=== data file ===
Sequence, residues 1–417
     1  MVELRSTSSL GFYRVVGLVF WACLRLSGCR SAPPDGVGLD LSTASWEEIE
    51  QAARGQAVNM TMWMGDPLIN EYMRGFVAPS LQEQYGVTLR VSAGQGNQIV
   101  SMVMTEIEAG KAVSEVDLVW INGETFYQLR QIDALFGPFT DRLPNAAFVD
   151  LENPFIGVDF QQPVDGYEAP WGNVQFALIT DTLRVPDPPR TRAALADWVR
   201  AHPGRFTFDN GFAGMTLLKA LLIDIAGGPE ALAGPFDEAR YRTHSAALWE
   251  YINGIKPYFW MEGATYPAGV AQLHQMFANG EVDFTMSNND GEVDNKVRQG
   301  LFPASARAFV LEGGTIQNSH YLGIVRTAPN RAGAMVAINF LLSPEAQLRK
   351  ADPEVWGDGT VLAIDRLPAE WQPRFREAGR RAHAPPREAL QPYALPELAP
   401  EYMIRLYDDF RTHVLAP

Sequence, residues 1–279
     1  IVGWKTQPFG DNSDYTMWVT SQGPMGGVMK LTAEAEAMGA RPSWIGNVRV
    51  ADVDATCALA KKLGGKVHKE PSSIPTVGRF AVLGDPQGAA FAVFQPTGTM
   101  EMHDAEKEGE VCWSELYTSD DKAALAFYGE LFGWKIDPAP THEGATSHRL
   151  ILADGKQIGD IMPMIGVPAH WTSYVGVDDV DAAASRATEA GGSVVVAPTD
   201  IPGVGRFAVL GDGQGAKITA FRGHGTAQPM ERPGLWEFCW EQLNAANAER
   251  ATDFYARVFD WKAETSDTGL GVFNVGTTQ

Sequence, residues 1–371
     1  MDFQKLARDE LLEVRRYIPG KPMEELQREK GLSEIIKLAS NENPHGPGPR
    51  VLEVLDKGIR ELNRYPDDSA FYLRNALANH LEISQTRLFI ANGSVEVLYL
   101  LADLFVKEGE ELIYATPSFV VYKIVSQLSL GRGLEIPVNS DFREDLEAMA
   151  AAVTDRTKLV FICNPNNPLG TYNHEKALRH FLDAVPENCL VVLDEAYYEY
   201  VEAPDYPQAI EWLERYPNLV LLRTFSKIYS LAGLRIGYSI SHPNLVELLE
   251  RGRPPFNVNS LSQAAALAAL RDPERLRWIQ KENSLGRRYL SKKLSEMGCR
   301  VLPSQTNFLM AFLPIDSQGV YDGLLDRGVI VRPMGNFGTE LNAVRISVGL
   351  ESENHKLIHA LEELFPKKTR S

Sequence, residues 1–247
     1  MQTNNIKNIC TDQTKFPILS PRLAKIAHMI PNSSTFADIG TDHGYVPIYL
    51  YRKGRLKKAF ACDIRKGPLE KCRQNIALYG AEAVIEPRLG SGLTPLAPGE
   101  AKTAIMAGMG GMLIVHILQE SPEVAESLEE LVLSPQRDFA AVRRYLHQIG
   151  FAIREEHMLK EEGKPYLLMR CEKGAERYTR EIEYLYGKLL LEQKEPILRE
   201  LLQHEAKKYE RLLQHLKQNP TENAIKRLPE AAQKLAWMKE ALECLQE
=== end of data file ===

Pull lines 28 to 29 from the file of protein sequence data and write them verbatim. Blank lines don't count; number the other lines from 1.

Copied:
     1  MQTNNIKNIC TDQTKFPILS PRLAKIAHMI PNSSTFADIG TDHGYVPIYL
    51  YRKGRLKKAF ACDIRKGPLE KCRQNIALYG AEAVIEPRLG SGLTPLAPGE